Kevin Wellman, CIPHE CEO, explains how a smooth transition to a greener economy will require more training and support for existing professional installers, a growth in apprenticeships for aspiring new entrants, and a far-reaching public information campaign to raise awareness.
At the CIPHE, we know that it will take a dedicated and united approach to ensure that low carbon energy efficiency policies will be met. There will be some key elements required in order to help installers learn about the steps that the plumbing and heating industry will need to take to help ensure a smooth transition to a low carbon future.
Training and apprenticeships
Only through upskilling somewhere in the region of 100,000 of the UK’s existing professional plumbing and heating engineers will the best possible chance of a neat transition to a low carbon economy in the 2020s and beyond be ensured. The CIPHE is already working with BEIS, plumbing and heating manufacturers, merchants, suppliers and other like-minded industry bodies to develop updated educational resources, CPD programmes and more. While the Institute has an active training schedule for 2020, it will ultimately be up to installers to take advantage of this and to choose to future-proof their career by learning about the installation of systems powered by low carbon heating technologies.
Alongside this, apprenticeships that will equip learners for careers in these changing times must also be prioritised in order for the industry to show that it can help government to hit the zero carbon targets it has set. This will mean high-quality apprenticeships that encourage more young people to start their careers in this way, and for more employers to realise the benefit of their investment in providing long-lasting career opportunities that may not fully reflect how they currently do business.
Limiting consumer resistance
The CIPHE is well aware that transitioning to low carbon heating, especially changing how existing homes are heated, will be a challenge for a number of reasons.
Designing new build properties to a specification that includes a commitment to low carbon heating solutions, that the consumer then buys as a ‘package deal’, will be the easiest part of the transition. Equipping consumers in existing properties with the necessary information to accept new technology will be more of a challenge.
The implementation of mandatory low carbon heating systems, which could require households to endure changes to their current expectations with regards to comfort, time and cost, risks consumers being reluctant to accept the changes. As a consequence, policy makers would then struggle to see immediate results from unpopular, enforced changes.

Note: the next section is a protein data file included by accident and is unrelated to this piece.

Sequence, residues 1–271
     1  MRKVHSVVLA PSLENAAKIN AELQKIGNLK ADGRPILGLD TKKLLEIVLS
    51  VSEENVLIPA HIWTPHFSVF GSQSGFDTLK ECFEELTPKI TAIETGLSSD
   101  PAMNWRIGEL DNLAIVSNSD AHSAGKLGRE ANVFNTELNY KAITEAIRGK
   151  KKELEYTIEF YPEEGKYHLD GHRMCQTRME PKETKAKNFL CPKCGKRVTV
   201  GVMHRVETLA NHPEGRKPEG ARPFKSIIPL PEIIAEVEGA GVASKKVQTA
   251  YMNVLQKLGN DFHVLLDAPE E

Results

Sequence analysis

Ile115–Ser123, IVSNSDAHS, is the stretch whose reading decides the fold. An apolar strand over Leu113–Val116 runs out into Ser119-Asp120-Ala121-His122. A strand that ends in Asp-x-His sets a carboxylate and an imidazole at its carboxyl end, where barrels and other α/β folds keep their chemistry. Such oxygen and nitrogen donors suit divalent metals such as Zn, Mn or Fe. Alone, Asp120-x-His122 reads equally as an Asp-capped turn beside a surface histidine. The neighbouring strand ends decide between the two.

The success of a low carbon heating rollout will rely heavily on systems being simple for engineers to install and easy to operate for the end user. Clearly, more households will replace their domestic heating system with a low carbon solution if this can be done conveniently and with minimal disruption to their home and heating.
If the options require substantial extra work in or around buildings for them to work effectively, full transparency that provides clarity for the consumer ahead of an installation will be essential. This may be upgrades to electricity supplies, new heat network connections, or disruptive work on insulation and/or draft-proofing.
Advances in technology and digital tools to assist installers could be used to enable them to correctly size radiators, pipework, pumps for standard and underfloor heating, when at a property.
The CIPHE has made it clear that now is time for the Government to maximise the expertise of installer organisations, manufacturers and industry bodies to tackle the timescales and practicalities of transitioning towards a low carbon plumbing and heating industry. At the CIPHE, we are dedicated to supporting our professional members by working with our approved training centres and industrial associates to provide quality training and support
Ultimately, the success of meeting low carbon domestic targets will be down to the entire industry working together to achieve a smooth transition.
To find out more, or to become a CIPHE member, contact Tim Sainty: [email protected]